Mattson, M.P., Lee, R.E., Adams, M.E., Guthrie, P.B., and Kater, S.B. 1988. Interactions between entorhinal axons and target hippocampal neurons: A role for glutamate in the development of hippocampal circuitry. Neuron 1:865‐876.
   Papa, M., Bundman, M.C., Greenberger, V., and Segal, M. 1995. Morphological analysis of dendritic spine development in primary cultures of hippocampal neurons. J. Neurosci. 15:1‐11.
   Schlessinger, A.R., Cowan, W.M., and Gottlieb, D.I. 1975. An autoradiographic study of the time of origin and the pattern of granule cell migration in the dentate gyrus of the rat. J. Comp. Neurol. 159:149‐176.
   Soriano, E., DelRío, J.A., Martínez, A., and Super, H. 1994. Organization of the embryonic and early postnatal murine hippocampus. I. Immunocytochemical characterization of neuronal populations in the subplate and marginal zone. J. Comp. Neurol. 342:571‐595.
   Super, H. and Soriano, E. 1994. The organization of the embryonic and early postnatal murine hippocampus. II. Development of entorhinal, commissural, and septal connections studied with the lipophilic tracer Dil. J. Comp. Neurol. 344:101‐120.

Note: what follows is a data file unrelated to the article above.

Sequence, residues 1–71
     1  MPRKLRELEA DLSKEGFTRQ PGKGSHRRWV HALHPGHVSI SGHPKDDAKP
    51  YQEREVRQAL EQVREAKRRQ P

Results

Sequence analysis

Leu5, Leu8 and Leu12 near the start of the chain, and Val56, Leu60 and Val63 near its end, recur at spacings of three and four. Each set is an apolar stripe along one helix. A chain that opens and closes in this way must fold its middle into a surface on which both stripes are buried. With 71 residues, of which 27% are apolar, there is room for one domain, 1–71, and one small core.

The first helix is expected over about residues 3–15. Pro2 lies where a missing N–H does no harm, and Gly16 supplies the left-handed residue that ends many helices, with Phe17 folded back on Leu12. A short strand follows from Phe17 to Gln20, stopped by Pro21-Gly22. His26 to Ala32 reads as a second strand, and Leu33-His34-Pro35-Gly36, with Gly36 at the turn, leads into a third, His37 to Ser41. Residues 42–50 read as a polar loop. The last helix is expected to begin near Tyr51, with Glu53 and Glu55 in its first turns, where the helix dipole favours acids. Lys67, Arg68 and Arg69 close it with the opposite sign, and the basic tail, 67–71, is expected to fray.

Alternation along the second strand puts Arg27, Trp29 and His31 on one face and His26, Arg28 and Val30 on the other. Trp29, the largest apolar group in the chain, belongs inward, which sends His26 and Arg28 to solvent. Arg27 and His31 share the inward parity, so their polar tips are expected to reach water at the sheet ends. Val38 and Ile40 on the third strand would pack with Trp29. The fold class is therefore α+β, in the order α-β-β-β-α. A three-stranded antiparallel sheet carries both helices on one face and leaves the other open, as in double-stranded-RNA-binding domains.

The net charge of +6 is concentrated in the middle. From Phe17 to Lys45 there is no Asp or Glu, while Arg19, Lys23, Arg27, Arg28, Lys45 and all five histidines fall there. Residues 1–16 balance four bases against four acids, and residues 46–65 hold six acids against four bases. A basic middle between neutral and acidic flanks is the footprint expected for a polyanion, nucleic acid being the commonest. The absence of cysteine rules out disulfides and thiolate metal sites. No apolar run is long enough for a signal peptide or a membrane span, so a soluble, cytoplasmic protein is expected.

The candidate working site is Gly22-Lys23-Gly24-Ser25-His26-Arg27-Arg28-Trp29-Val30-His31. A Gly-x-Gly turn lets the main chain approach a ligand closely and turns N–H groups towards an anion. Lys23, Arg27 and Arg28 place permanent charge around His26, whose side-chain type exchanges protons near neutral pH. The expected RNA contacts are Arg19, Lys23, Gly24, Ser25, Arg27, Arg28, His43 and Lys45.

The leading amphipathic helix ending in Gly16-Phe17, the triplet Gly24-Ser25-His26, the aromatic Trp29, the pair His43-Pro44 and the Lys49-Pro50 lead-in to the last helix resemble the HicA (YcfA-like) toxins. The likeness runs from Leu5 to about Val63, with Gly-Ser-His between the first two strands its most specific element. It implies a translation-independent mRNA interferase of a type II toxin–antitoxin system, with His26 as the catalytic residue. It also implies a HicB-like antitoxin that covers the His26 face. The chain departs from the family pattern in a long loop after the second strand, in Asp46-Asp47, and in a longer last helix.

Vicario, C., Tabernero, A., and Medina, J.M. 1993. Regulation of lactate metabolism by albumin in rat neurons and astrocytes from primary culture. Ped. Res. 34:709‐715.
   Vicario‐Abejón, C., Johe, K.K., Hazel, T.G., Collazo, D., and McKay, R.D.G. 1995. Functions of basic fibroblast growth factor and neurotrophins in the differentiation of hippocampal neurons. Neuron 15:105‐114.
   Vicario‐Abejón, C., Collin, C., McKay, R.D.G., and Segal, M. 1998. Neurotrophins induce formation of functional excitatory and inhibitory synapses between cultured hippocampal neurons. J. Neursci. 18:7256‐7271.
Key Reference
   Banker and Goslin, 1998. See above.
  Chapters 2, 3, and 5 discuss general principles for culturing neuronal cells, and Chapter 13 describes a protocol for culturing rat hippocampal neurons.